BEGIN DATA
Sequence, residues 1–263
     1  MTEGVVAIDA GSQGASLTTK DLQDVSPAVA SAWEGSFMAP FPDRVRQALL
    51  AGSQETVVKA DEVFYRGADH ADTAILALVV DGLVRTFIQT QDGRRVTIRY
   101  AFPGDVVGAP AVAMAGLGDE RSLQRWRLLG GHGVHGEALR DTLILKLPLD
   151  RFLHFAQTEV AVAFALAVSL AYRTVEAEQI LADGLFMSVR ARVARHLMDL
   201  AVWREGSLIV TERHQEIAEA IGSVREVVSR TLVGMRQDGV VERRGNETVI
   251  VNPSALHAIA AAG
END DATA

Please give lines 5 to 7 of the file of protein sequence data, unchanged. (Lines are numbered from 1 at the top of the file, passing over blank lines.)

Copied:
   151  RFLHFAQTEV AVAFALAVSL AYRTVEAEQI LADGLFMSVR ARVARHLMDL
   201  AVWREGSLIV TERHQEIAEA IGSVREVVSR TLVGMRQDGV VERRGNETVI
   251  VNPSALHAIA AAG